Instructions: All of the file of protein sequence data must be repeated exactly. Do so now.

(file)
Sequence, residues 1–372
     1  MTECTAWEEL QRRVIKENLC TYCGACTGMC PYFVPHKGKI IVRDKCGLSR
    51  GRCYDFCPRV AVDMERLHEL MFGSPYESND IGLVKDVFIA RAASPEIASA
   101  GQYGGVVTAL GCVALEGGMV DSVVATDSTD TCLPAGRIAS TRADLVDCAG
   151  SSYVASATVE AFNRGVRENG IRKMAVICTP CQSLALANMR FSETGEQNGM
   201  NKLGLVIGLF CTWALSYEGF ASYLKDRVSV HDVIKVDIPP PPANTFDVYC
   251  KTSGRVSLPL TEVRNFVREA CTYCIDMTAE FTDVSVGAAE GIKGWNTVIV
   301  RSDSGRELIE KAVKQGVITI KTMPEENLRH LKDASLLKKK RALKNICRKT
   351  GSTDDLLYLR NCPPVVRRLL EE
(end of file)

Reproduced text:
Sequence, residues 1–372
     1  MTECTAWEEL QRRVIKENLC TYCGACTGMC PYFVPHKGKI IVRDKCGLSR
    51  GRCYDFCPRV AVDMERLHEL MFGSPYESND IGLVKDVFIA RAASPEIASA
   101  GQYGGVVTAL GCVALEGGMV DSVVATDSTD TCLPAGRIAS TRADLVDCAG
   151  SSYVASATVE AFNRGVRENG IRKMAVICTP CQSLALANMR FSETGEQNGM
   201  NKLGLVIGLF CTWALSYEGF ASYLKDRVSV HDVIKVDIPP PPANTFDVYC
   251  KTSGRVSLPL TEVRNFVREA CTYCIDMTAE FTDVSVGAAE GIKGWNTVIV
   301  RSDSGRELIE KAVKQGVITI KTMPEENLRH LKDASLLKKK RALKNICRKT
   351  GSTDDLLYLR NCPPVVRRLL EE